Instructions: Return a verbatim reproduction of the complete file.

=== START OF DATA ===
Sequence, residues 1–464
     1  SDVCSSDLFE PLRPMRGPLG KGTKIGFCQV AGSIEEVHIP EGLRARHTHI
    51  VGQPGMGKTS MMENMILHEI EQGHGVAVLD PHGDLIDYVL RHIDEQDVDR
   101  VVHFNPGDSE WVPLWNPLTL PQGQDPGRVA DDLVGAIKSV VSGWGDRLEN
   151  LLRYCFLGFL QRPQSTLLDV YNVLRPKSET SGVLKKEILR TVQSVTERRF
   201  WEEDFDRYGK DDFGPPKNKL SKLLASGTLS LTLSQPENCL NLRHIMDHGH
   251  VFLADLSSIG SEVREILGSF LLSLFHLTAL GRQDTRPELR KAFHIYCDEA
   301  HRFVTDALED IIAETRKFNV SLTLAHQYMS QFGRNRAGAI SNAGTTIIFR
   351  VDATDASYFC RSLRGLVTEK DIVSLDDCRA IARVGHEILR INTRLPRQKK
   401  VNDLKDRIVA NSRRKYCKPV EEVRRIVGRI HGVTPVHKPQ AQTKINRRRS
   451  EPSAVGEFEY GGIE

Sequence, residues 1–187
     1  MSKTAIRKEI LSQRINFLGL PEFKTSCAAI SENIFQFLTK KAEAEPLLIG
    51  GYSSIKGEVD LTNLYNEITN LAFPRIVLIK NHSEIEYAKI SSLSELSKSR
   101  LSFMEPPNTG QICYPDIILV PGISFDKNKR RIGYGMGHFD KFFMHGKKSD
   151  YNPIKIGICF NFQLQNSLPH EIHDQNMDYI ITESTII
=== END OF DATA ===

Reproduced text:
Sequence, residues 1–464
     1  SDVCSSDLFE PLRPMRGPLG KGTKIGFCQV AGSIEEVHIP EGLRARHTHI
    51  VGQPGMGKTS MMENMILHEI EQGHGVAVLD PHGDLIDYVL RHIDEQDVDR
   101  VVHFNPGDSE WVPLWNPLTL PQGQDPGRVA DDLVGAIKSV VSGWGDRLEN
   151  LLRYCFLGFL QRPQSTLLDV YNVLRPKSET SGVLKKEILR TVQSVTERRF
   201  WEEDFDRYGK DDFGPPKNKL SKLLASGTLS LTLSQPENCL NLRHIMDHGH
   251  VFLADLSSIG SEVREILGSF LLSLFHLTAL GRQDTRPELR KAFHIYCDEA
   301  HRFVTDALED IIAETRKFNV SLTLAHQYMS QFGRNRAGAI SNAGTTIIFR
   351  VDATDASYFC RSLRGLVTEK DIVSLDDCRA IARVGHEILR INTRLPRQKK
   401  VNDLKDRIVA NSRRKYCKPV EEVRRIVGRI HGVTPVHKPQ AQTKINRRRS
   451  EPSAVGEFEY GGIE

Sequence, residues 1–187
     1  MSKTAIRKEI LSQRINFLGL PEFKTSCAAI SENIFQFLTK KAEAEPLLIG
    51  GYSSIKGEVD LTNLYNEITN LAFPRIVLIK NHSEIEYAKI SSLSELSKSR
   101  LSFMEPPNTG QICYPDIILV PGISFDKNKR RIGYGMGHFD KFFMHGKKSD
   151  YNPIKIGICF NFQLQNSLPH EIHDQNMDYI ITESTII